Quantitative Assessment of Islet Cell Products: Estimating the Accuracy of the Existing Protocol and Accounting for Islet Size Distribution
Abstract:The ability to consistently and reliably assess the total number and the size distribution of isolated pancreatic islet cells from a small sample is of crucial relevance for the adequate characterization of islet cell preparations used for research or transplantation purposes. Here, data from a large number of isolations were used to establish a continuous probability density function describing the size distribution of human pancreatic islets. This function was then used to generate a polymeric microsphere mixture with a composition resembling those of isolated islets, which, in turn, was used to quantitatively assess the accuracy, reliability, and operator-dependent variability of the currently utilized manual standard procedure of quantification of islet cell preparation. Furthermore, on the basis of the best fit probability density function, which corresponds to a Weibull distribution, a slightly modified scale of islet equivalent number (IEQ) conversion factors is proposed that incorporates the size distribution of islets and accounts for the decreasing probability of finding larger islets within each size group. Compared to the current calculation method, these factors introduce a 4‐8% downward correction of the total IEQ estimate, but they reflect a statistically more accurate contribution of differently sized islets.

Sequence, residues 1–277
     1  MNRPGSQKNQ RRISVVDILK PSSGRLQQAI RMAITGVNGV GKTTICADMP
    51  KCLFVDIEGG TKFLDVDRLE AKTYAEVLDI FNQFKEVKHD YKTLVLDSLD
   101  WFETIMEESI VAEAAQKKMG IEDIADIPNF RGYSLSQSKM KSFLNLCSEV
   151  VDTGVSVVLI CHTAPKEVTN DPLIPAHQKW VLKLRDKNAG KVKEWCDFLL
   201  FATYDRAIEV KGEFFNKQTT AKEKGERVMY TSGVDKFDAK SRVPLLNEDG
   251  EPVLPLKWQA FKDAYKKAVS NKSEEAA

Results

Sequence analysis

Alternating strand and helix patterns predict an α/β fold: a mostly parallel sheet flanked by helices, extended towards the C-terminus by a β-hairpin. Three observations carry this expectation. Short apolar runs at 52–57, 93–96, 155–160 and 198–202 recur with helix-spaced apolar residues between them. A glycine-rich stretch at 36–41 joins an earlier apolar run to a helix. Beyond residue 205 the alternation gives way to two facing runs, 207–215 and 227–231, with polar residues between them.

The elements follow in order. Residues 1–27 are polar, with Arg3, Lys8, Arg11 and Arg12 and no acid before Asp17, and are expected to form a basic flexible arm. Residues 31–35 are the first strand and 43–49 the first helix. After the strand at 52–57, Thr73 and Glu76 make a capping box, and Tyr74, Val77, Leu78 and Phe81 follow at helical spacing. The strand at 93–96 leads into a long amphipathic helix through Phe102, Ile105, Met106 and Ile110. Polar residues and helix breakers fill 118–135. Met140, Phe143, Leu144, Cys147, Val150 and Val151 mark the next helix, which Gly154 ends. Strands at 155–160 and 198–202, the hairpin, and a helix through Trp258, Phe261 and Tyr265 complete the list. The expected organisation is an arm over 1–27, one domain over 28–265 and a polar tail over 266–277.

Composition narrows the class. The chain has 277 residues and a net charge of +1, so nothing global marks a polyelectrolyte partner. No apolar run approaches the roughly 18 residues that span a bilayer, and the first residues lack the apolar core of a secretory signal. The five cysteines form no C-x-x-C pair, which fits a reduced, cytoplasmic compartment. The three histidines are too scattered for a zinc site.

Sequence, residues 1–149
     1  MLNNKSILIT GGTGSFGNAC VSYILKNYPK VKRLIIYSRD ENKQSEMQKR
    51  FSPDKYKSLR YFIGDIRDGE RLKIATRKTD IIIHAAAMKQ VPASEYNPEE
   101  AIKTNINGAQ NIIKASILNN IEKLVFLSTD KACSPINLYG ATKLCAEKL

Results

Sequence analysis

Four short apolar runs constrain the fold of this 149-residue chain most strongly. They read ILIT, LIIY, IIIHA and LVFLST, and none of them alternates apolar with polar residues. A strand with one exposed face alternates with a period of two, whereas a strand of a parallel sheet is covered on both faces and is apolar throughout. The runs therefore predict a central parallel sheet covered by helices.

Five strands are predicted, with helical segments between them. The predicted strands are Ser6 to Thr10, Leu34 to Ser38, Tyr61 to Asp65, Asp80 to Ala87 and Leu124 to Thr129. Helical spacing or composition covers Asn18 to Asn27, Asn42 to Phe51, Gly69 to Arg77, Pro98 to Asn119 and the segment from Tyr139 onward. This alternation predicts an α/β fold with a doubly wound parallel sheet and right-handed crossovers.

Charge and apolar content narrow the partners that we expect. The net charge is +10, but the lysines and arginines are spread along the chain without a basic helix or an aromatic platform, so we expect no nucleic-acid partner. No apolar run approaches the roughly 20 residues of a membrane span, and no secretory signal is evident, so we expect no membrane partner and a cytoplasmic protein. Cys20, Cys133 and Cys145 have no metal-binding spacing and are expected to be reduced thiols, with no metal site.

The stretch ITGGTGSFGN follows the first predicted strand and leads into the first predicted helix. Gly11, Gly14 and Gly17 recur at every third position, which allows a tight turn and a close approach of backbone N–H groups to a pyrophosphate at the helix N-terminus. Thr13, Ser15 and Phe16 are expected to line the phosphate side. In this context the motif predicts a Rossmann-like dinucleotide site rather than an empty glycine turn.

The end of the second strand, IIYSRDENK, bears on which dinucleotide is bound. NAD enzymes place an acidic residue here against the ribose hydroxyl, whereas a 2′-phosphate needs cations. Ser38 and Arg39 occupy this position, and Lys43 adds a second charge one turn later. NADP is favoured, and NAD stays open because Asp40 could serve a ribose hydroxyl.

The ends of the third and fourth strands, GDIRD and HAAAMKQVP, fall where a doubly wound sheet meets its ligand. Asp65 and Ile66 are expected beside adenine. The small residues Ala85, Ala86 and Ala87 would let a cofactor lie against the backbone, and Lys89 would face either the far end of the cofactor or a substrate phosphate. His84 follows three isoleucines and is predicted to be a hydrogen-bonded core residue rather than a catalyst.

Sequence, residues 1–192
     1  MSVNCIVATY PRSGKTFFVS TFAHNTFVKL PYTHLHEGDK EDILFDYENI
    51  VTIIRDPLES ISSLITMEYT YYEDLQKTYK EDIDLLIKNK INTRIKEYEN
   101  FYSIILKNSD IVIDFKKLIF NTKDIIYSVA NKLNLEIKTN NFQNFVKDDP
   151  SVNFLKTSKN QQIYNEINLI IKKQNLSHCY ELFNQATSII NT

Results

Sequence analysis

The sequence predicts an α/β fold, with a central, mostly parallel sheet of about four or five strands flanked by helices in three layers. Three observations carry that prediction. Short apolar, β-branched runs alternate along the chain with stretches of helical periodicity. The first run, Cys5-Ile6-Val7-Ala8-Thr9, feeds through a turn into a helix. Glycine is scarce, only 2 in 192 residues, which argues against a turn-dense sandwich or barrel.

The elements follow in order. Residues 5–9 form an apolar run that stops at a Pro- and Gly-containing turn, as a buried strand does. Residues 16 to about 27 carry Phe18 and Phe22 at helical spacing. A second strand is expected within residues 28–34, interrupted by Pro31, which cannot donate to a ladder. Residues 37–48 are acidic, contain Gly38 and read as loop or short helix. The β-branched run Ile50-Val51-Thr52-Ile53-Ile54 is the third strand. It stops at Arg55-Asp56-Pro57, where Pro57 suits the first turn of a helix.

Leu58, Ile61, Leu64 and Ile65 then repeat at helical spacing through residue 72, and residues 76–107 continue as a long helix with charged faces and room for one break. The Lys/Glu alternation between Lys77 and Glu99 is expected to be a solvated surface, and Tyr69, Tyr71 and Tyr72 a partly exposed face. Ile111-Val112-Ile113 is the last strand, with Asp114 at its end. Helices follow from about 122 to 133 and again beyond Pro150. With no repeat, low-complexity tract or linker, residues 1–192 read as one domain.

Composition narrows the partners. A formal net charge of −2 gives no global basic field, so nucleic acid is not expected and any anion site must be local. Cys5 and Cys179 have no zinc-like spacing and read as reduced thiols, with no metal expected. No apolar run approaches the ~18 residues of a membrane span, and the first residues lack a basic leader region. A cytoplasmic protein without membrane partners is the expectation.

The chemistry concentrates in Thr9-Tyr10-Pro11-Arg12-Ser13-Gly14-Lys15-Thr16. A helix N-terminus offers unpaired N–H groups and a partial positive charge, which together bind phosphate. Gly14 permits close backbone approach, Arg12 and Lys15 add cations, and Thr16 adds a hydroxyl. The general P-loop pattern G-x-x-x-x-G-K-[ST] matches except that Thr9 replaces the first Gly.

Document Type: Research Article
Affiliations: Diabetes Research Institute, University of Miami Leonard M. Miller School of Medicine, Miami, FL, USA; Molecular and Cellular Pharmacology, University of Miami Leonard M. Miller School of Medicine, Miami, FL, USA. email@example.com
Publication date: 2009-10-01
- Cell Transplantation publishes original, peer-reviewed research and review articles on the subject of cell transplantation and its application to human diseases. To ensure high-quality contributions from all areas of transplantation, separate section editors and editorial boards have been established. Articles deal with a wide range of topics including physiological, medical, preclinical, tissue engineering, and device-oriented aspects of transplantation of nervous system, endocrine, growth factor-secreting, bone marrow, epithelial, endothelial, and genetically engineered cells, among others. Basic clinical studies and immunological research papers are also featured. To provide complete coverage of this revolutionary field, Cell Transplantation will report on relevant technological advances, and ethical and regulatory considerations of cell transplants. Cell Transplantation is now an Open Access journal starting with volume 18 in 2009, and therefore there will be an inexpensive publication charge, which is dependent on the number of pages, in addition to the charge for color figures. This will allow work to be disseminated to a wider audience and also entitle the corresponding author to a free PDF, as well as prepublication of an unedited version of the manuscript.